LatinaLista — The game of chess gets little respect in the sports world. That’s a shame since it is a game that demands as grueling a workout as any other sport, even though the muscles it’s flexing are in the brain.
If more saw chess as the sport it is then maybe there would be a greater push for the game to be part of a regular school curriculum. While educators may not be trying to add chess to the PE curriculum, there is one group trying to get more schools to include chess games as part of every student’s three Rs.
Chess-in-the-Schools is a nonprofit educational organization dedicated to improving academic performance and building self-esteem among inner-city public school children — all through teaching chess to children.
Launched in 1986, Chess-in-the-schools has taught over 400,000 students the game and organizes over 25 student chess tournaments throughout the school year where between 250 and 500 players from second grade through high school participate. The organization’s tagline is: Helping Kids Grow One Move at a Time.
In 1991 and 1996, Stuart M. Margulies, Ph.D., a noted educational psychologist, conducted two studies examining the effects of chess on children’s reading scores. The studies demonstrated that students who participated in the chess program showed improved scores on standardized tests. The gains were even greater among children with low or average initial scores. Children who were in the non-chess playing control group showed no gains.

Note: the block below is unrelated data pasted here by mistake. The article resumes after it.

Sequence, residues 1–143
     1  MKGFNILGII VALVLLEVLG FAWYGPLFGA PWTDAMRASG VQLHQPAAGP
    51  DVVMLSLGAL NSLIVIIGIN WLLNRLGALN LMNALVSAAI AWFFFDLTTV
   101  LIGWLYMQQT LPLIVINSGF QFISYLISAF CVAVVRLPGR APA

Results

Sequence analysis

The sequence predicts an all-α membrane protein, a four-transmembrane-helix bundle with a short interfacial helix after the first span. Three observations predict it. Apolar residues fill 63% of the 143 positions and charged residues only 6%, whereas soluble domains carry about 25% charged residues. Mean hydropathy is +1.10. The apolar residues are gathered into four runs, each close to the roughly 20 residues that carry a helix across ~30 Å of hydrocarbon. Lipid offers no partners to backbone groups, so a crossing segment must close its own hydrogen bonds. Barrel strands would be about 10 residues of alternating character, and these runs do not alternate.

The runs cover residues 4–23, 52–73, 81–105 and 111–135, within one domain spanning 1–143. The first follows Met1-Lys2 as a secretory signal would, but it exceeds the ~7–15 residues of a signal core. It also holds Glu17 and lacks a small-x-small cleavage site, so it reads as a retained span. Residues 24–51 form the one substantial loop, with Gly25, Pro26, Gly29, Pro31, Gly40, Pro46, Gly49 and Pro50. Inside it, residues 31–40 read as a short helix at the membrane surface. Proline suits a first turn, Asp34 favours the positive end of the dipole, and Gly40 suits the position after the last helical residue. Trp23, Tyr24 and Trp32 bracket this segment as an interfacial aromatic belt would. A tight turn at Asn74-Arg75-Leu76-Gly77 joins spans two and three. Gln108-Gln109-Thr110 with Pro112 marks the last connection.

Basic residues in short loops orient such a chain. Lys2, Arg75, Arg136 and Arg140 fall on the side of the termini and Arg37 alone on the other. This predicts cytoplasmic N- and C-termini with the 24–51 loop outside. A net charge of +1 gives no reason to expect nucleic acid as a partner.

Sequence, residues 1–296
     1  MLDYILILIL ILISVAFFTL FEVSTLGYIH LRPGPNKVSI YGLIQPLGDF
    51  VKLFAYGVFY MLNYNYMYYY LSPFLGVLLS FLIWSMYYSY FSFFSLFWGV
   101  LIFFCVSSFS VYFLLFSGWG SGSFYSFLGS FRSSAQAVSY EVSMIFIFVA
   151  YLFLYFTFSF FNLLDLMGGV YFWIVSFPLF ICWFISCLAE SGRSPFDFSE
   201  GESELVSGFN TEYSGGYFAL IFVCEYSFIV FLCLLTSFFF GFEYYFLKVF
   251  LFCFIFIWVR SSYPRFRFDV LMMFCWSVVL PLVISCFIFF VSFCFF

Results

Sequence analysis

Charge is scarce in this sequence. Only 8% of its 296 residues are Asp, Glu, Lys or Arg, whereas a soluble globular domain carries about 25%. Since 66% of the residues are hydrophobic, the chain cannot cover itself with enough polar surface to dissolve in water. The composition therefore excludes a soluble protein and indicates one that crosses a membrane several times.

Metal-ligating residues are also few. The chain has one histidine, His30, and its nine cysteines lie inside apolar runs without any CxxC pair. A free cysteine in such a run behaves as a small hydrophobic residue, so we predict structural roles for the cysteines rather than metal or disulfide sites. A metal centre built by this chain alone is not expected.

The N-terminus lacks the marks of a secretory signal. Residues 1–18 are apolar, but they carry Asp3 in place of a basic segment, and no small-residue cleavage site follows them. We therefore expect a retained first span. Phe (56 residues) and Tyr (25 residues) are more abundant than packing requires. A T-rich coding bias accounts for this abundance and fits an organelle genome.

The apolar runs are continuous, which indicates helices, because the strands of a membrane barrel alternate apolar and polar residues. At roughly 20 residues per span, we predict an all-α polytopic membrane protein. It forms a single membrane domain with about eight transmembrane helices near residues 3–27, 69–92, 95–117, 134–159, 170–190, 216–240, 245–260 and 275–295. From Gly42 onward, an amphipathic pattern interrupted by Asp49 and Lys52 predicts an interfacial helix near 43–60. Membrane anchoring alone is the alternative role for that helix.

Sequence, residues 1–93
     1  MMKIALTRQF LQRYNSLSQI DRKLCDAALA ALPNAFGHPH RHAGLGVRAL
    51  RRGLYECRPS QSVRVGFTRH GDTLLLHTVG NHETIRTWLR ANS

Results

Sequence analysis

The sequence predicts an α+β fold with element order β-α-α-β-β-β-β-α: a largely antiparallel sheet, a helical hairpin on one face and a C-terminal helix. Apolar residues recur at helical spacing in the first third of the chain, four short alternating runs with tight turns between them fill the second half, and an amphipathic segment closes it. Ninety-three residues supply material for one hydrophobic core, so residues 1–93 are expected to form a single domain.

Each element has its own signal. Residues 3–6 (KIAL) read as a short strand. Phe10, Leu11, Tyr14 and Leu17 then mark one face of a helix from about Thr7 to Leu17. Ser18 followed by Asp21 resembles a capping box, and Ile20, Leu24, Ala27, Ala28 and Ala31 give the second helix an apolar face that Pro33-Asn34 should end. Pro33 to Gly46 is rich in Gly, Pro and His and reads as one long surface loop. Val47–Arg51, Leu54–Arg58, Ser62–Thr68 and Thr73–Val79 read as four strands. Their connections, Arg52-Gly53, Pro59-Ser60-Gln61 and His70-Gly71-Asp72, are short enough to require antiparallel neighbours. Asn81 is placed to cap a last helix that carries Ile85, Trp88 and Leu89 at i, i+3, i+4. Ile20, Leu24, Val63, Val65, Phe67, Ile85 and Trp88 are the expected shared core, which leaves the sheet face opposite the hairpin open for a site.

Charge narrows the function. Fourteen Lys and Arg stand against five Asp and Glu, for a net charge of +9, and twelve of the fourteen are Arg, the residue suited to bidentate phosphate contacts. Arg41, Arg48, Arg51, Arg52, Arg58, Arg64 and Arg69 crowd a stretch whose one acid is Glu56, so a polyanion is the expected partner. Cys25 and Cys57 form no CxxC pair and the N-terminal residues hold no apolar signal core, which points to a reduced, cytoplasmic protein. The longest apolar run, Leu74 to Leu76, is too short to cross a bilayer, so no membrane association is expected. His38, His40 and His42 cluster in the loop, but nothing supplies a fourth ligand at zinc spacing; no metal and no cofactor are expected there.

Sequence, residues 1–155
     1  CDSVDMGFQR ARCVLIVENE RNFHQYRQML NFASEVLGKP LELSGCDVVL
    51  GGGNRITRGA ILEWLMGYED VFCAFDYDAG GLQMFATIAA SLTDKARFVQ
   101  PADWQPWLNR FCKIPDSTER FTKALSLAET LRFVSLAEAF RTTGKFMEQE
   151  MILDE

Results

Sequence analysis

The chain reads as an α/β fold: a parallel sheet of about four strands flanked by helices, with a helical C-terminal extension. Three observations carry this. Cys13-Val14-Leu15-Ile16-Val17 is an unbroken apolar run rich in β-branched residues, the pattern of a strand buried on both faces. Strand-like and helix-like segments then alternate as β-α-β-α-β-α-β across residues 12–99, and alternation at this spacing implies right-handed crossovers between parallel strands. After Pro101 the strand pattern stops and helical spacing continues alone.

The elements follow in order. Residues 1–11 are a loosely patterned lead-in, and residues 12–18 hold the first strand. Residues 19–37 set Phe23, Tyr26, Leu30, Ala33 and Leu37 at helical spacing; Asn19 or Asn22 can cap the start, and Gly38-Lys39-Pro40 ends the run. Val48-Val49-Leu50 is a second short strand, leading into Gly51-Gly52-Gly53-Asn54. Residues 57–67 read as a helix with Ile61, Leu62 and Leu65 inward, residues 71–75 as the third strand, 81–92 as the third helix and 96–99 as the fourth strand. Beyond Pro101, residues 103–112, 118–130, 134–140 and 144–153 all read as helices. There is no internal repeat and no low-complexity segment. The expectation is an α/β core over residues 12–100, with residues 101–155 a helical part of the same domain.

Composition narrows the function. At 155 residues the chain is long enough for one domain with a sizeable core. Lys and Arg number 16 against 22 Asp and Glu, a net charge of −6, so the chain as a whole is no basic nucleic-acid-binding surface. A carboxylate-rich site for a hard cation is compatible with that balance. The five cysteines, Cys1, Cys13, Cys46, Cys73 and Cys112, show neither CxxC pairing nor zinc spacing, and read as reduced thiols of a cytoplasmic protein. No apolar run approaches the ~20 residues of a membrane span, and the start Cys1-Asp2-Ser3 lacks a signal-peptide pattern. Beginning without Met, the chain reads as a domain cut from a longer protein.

Another study in 1999, measured the impact of chess on the emotional intelligence of fifth graders. The results of the study were striking. The overall success rate in handling real life situations with emotional intelligence was 91.4% for the children who participated in the Chess-in-the-Schools program. In contrast, those who were not involved with the chess program had an average overall success rate of only 64.4%.
For now, the organization works only with New York City Title I public schools. Thirty percent of the students involved in the program are Latino. Chess-in-schools relies completely on donations.